In the healthcare workplace, lives are continuously at stake. The most successful medical professionals not only know how to handle high-pressure situations but also excel in them. However, according to the world health organization (WHO), healthcare professionals have a higher risk of burnout than most white-collar jobs.
As a result, medical professionals that do not have a stress-management strategy risk that chance of getting burned out. Burnout is often described as the feeling of long-term exhaustion and diminished interest in working.
1.4.7 Positive attitude
All professionals can benefit from a positive mental attitude in the work environment. However, in a healthcare facility, this soft skill is essential. Due to the stress generated as a result of working in large teams, the demands that come with a healthcare job, and the frequent meetings with patients, it is essential that medical professionals keep a sunny outlook. The harsh realities of a healthcare place can easily wear anyone down, so having a positive attitude will always be of value.
1.5 Professional history
The professional history section is also known as the experience section. This is the part of a medical job application where you can showcase the value you have brought to your former employers. Here, you should include all of your most important work experiences. We recommend you focus on your experiences from the last 10 to 20 years. For example, if you have been working as a pharmacist for 11 years, you can leave off jobs that you did earlier in your life that may not be pertinent to the position you are currently seeking.
Alternatively, if you have little to no work experience, you may list what employment you have had; even if it does not seem pertinent or related to the position you are applying to. Employers can use that information to get an idea of what kind of employee you may be; as well as some of the valuable soft skills that you learned at your previous jobs that are likely transferable to the new job you are looking for.
The professional history section of your healthcare application should include your job title, the name of the employer, years of employment, and a few bullet points highlighting your most relevant accomplishments. Begin with strong action verbs and continue with an accomplishment rather than a task. When hiring, Employers are mainly interested in what you have achieved, not the tasks you have done. When possible, use numbers or any other objective parameter to measure your success.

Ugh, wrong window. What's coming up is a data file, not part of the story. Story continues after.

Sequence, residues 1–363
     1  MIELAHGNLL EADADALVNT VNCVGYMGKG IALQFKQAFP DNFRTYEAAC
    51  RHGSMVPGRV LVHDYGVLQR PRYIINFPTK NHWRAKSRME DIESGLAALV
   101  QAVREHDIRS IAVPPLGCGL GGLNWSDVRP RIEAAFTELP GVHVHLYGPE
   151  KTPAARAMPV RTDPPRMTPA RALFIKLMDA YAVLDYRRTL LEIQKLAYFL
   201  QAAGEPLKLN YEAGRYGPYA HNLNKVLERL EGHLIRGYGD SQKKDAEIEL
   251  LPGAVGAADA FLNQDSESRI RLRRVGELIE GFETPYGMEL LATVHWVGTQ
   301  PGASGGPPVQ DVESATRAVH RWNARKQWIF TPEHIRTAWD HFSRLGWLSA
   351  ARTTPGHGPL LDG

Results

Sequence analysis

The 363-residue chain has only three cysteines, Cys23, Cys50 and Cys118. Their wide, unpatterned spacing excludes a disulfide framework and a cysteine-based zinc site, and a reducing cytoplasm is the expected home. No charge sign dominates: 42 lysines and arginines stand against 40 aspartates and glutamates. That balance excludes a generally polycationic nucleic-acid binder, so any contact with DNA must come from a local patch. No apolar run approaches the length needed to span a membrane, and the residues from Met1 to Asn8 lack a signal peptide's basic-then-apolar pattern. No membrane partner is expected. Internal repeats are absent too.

1.6 Additional relevant accomplishments
A bonus section that you may consider adding to your healthcare job is a brief list of any other relevant accomplishments or volunteer work that you have done. Only include those that are suitable or that may help your employer understand who you are as a person as related to the position you are applying for.
If you are not sure what information might be a fit for this part of your healthcare job application, you can skip it or re-read the job description to find something that may give you clues to complete this section. Consider including any experiences outside of the professional history you already added which might help employers get a better picture of your qualifications.
2 How can Connect Health help you?
Here at Connect Health, we help healthcare professionals find their ideal job.
You can sign up on our webpage and apply for any medical position that caught your eye. Make sure to read the job description and requirements before applying to any position
Conversely, we also help medical employers find the ideal talent for their business. If you are looking to find a healthcare professional for your organization, feel free to take a look at our large database of medical professionals or post a job opening on our webpage.
Do you have any questions about healthcare job application or other topics? You can call us at +971 433 166 88 to talk to one of our representatives that will gladly answer your doubts. As another option, you can contact us at firstname.lastname@example.org.
Are you a healthcare professional going through the job-hunting process? You can visit thetalentpoint.com to find multiple job openings in the field of choice. Alternately, you can send your resume to email@example.com.